5 Things You Didn't Know About Hospitals: Malpractice, Common Surgical Mistakes, Contaminated Water, Staph/MRSA


People love rushing to the hospital whenever something happens, but in reality, hospitals are like the police; they are a double-edged sword. When you walk into a hospital, you can't always be sure that you will walk back out of it again, or what condition you will be in when you walk out of it. Sometimes we are worse for wear after we walk out of a hospital, compared to when we walked into it. Worst case scenario, some people will walk into a hospital, but they will no longer be able to physically walk out of it or they will die in it. So what is the problem? What is wrong with hospitals? The problem is the environment. People go into hospitals expecting them to be germ-free, but this is impossible. Hospital staff are sometimes lacking in the hygiene department, or even when they try their best to keep germs under control, every disease imaginable still ends up in hospitals, and bacteria spreads so easily that it is hard to control them; this is why we get epidemics.

Think about this, have you ever walked into a hospital and seen masks at the entrance? These masks are offered in every hospital and for good reason. People come in with all kinds of viruses, so even just walking into a hospital could expose you to any number or breathing or viral infections alone. Unfortunately, these are not the only problems found in hospitals. So today, we will cover 5 factors that cause worsening health problems that occur in hospitals.


Malpractice: A Weekly Occurrence 


Doctors can make deadly mistakes during surgery, and many of them aren't charged with malpractice for it. In fact, most doctors won't even tell you about a mistake they made until it starts causing you noticeable pain and harm in order to avoid being sued and paying out for the mistake they made.



"Doctors make careless and dangerous errors, like leaving a scalpel in someone's body after surgery, surprisingly often, a new study finds. The analysis, published Dec. 19 in the journal Surgery, used malpractice records to find instances in which surgeons operated on the wrong patient or part of the body, or left objects inside the patient after surgery...the study found doctors leave towels, cotton balls, sponges and other surgical equipment inside patients' bodies about 39 times a week, on average. Doctors operate on the wrong body part 20 times a week and the wrong patient, also 20 times a week...Makary's team picked out 9,744 malpractice lawsuits in which hospitals paid patients or their families...The research team concluded that more than 80,000 major surgical errors happened between 1990 and 2010. About 7 percent of those unlucky patients died, while a third of them suffered permanent injury as a result of the mistake" ("Oops! US Doctors Screw Up Surprisingly Often: Study", Tia Ghose, 2012, Livescience).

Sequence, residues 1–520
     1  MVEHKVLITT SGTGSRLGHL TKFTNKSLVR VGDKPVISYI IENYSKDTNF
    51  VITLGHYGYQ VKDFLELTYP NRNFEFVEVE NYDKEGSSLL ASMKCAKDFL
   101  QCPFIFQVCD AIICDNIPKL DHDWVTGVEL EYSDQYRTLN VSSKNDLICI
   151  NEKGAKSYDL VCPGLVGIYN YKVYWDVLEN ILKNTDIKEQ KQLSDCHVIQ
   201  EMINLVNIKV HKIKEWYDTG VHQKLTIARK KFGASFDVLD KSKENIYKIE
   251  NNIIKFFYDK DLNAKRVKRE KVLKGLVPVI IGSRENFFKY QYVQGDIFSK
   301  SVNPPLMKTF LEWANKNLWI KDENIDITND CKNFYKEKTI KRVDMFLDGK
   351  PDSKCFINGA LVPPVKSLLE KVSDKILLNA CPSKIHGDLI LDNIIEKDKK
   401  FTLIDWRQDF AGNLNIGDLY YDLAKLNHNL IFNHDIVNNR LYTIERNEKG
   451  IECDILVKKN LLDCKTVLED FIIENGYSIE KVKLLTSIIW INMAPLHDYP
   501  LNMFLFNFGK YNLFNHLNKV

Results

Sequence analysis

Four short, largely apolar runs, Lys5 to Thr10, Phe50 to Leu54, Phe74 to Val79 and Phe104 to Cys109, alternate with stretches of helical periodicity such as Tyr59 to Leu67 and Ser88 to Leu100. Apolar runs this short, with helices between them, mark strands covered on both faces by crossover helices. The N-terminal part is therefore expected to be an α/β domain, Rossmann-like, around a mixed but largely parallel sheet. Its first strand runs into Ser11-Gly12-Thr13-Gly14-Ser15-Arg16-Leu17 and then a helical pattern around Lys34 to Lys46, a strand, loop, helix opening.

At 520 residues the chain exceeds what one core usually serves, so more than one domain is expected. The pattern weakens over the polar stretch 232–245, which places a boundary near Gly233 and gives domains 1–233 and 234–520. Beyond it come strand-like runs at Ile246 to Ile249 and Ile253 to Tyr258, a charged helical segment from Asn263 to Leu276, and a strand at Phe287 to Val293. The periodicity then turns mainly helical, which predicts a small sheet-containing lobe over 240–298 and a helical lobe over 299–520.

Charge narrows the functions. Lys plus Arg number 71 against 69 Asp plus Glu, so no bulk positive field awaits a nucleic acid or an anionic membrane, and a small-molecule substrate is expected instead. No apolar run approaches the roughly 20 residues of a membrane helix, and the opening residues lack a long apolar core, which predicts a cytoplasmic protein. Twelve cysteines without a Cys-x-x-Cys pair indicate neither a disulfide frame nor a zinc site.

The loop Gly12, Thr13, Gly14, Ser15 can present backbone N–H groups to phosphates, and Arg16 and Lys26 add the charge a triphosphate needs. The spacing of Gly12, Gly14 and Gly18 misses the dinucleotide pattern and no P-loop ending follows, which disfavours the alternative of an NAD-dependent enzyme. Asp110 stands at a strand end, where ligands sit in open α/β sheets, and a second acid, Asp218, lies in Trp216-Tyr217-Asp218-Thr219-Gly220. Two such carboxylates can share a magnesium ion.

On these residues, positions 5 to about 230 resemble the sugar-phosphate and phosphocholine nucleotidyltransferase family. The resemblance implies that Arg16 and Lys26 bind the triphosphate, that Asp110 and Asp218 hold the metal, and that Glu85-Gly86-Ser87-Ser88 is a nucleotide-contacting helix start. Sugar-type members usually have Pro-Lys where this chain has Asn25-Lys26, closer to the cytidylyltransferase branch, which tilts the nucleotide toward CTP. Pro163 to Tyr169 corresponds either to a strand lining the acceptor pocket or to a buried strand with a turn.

Contaminated Water


This might come as a shock to many of you, but the water in hospitals is not clean. This problem is not limited to hospitals though; this is just part of a worldwide problem where clean water is hard to come by. Even in developed countries, tap water is generally not clean. Water worldwide is often contaminated with germs, parasites, bacteria, mold, and/or viruses. 


"Pseudomonas aeruginosa infections have been linked to contaminated hospital taps...P. aeruginosa may be transferred to OFs via contaminated cleaning cloths" ("Contamination of hospital tap water: the survival and persistence of Pseudomonas aeruginosa on conventional and antimicrobial outlet fittings", Hutchins, Moore, Thompson, Webb, & Walker, 2017, NCBI).


Developed and underdeveloped countries have to deal with poor water quality. Contaminated water is everywhere, and this has even led to outbreaks in medical care facilities. So no matter where you live, you should make it a rule not to drink tap water. Try to only use hot water for bathing, and don't just blindly trust the water that you are given that is not in a bottle. In some countries like India, even some bottled water may not be safe to drink, so you need to research, and only drink water from trusted brands when traveling or living abroad.